At the time the First Fleet landed, there were something like 3,000 tribes.
Consequently the number of languages in use was around 3,000. Since then a number
of tribes and languages have ceased to exist. Today, it is rather hard to find
which native language "kangaroo" comes from, let alone what it means. (And while we
are at it, the universal Aboriginal means of indicating direction back then was
by jutting out the lower lip. A pointing finger meant nothing. Consequently a number
of places today have Aboriginal names that translate into "finger" or "hand".)
These days there seems to be some confusion over whether to call native Australians "Aborigines" or "Aboriginals", and those who are not confused are not necessarily using the same word as other non-confused people. I have even received email from readers of this page, asking for the correct term.
My Style Manual for Authors Editors and Printers of Australian Government Publications, Second Edition is quite specific. It should be "Aboriginal" (singular noun), "Aboriginals" (plural noun), and "Aboriginal" (adjective). "Aborigine" as an alternative to "Aboriginal" is "not acceptable", but "Aborigines" as an alternative to "Aboriginals", is.
According to my Reader's Digest Great Encyclopaedic Dictionary:
ãbori'ginal adj Indigenous, existing or present at dawn of history or before arrival of colonists or invaders. ~ n Abori'ginal inhabitant. ãboriginês (-z) n.pl. Aboriginal inhabitants, plants, etc. (also found in sing. ãbori'gine).
From memory, my high school dictionary (purchased second-hand and which did not have an entry for "computer") also defined "aborigine" as "primitive". Although not adjusted for political and general correctness, the dictionary was probably not all that ancient. It was as late as 1967 when, following a referendum, Aborigines were granted full Australian citizenship, with such rights as being allowed to vote and drink alcohol.
The expression of shared identity of the native people of Australia is "Koorie".
The word "Australia" comes from the Latin "australis", meaning "southern".
Water goes down the American plug hole clockwise (this from a number
of personal 1989 USA observations).
Water goes down the Australian plug hole ... clockwise (this from watching my bathroom sink emptying, just now.)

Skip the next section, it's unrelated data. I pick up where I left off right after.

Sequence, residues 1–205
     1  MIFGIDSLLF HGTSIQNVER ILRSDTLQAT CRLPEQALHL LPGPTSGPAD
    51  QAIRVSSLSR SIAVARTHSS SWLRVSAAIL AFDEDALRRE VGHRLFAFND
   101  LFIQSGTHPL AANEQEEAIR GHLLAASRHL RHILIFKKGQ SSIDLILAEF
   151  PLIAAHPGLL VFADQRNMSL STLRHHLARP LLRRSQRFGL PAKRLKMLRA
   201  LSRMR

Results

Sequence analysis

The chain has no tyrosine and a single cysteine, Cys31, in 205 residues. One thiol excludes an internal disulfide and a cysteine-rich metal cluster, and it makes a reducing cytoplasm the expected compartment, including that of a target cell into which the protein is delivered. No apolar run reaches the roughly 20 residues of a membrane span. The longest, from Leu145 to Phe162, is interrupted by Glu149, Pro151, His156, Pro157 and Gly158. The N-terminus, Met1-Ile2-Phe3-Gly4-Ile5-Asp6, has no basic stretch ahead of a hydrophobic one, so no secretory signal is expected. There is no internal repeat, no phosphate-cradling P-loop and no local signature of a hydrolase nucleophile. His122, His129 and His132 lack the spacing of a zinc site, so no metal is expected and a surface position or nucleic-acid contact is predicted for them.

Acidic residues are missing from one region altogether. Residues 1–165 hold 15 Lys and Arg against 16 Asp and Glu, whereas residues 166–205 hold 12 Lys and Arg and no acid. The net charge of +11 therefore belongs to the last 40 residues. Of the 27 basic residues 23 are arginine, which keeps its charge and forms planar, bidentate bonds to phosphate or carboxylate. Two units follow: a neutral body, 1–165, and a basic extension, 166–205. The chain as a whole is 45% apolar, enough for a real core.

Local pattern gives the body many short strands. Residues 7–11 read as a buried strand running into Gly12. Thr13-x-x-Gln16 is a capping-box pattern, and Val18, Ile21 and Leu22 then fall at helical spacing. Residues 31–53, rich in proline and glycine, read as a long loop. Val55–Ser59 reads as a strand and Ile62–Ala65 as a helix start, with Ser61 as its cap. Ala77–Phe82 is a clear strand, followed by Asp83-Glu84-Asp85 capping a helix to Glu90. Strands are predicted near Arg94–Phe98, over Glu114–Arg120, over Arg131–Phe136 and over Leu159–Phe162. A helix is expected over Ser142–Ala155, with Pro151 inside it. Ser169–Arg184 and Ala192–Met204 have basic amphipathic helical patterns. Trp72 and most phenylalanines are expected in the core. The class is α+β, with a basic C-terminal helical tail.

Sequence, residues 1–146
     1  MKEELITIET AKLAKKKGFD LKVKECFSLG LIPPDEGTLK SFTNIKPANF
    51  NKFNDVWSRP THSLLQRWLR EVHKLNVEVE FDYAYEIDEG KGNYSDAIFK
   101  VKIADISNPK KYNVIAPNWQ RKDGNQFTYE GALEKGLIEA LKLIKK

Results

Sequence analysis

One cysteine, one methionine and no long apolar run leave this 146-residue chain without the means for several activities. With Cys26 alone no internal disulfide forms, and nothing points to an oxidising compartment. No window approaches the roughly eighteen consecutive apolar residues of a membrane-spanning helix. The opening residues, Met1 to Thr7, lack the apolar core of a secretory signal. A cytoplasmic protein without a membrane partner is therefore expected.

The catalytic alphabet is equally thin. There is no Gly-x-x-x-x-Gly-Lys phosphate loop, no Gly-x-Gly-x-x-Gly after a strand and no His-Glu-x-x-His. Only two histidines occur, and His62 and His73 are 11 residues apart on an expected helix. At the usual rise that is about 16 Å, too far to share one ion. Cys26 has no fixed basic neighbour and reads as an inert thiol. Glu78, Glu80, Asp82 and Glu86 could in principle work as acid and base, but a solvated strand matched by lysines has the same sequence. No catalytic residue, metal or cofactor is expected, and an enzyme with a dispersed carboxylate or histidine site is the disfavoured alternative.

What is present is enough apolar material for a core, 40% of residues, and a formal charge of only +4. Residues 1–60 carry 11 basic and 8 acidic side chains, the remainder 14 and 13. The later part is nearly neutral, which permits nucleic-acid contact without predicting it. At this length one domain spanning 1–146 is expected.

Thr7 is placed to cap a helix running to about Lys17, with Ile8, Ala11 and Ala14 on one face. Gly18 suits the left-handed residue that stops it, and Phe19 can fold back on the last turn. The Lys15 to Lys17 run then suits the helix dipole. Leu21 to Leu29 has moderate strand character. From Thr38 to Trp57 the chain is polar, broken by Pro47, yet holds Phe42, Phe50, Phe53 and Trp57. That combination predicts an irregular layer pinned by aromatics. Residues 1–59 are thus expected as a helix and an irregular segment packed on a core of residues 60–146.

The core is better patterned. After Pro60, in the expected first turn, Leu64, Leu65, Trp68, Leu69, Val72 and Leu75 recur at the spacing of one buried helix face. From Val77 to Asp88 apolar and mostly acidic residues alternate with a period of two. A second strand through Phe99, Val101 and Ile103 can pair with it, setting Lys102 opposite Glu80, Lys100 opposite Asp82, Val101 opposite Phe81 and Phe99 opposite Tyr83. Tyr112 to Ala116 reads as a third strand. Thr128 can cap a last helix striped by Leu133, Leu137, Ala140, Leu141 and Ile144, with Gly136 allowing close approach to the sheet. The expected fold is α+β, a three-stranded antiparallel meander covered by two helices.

The Grand Prix was held in Albert Park in 1953, 1956, 1996... (1996 was the 23rd in Victoria).
In Australia businesses do not have to accept silver coins over $5.00 worth, or $1 coins over $10.00. (And before copper coins went out, there was a 20 cent ceiling on them too.)
Postcards were first issued in Australia on 1 October 1875, at Sydney GPO.
Australia's first charitable organisation was the New South Wales Society for Promoting Christian Knowledge and Benevolence in These Territories and Neighbouring Islands. (Founded 1813)
The didgeridoo is a hollowed out wooden musical wind instrument. Native Australians produce them from a 150 cm long 5 to 10 cm diameter branch by burying it in a termite area. After the termites eat out the inner core the instrument is shaped and decorated. Due to the method of playing (pressing the lips into the mouth of the instrument and using the lips as a double reed) it is technically a member of the brass family, namely a wooden trumpet.
Vegemite is a yeast product, black, and is usually spread on buttered toast at breakfast. It is also a by-product from the making of beer. Although conceived as far back as 1922, for some reason it never seems to have caught on with non-Australians. (American s.f. writer David Gerrold, trying it for the first time, looked at us and asked "Mothers feed this to their children?") It contains a lot of salt, and keeps for a long time. (Nonetheless, someone I know succeeded in growing mould in a jar of the stuff that was so old its price tag was marked both in shillings and in cents, putting its date of manufacture in 1966.) While maybe not breaking sales records out of the country, it does seem to be developing an international reputation. (I last noticed it getting plugged on the U.S. t.v. show Sliders, which seemed to think it was some kind of aphrodisiac). All this said, vegemite is not the only breakfast spread in this country. Other brands have names like "Marmite" and "Promite".
There are lots of old science fiction stories where the first rocket to the moon is launched from Woomera Rocket Range, but astonishingly few people seem to know things really were sent into space from there.
Australia's first satellite was called WRESAT (Weapons Research Establishment Satellite). It was launched from Woomera on 29 November 1967 on a U.S. Redstone rocket, and was placed in a near-polar orbit. It re-entered over the Atlantic Ocean west of Ireland at 11:34 GMT on 10 January 1968, after 642 orbits.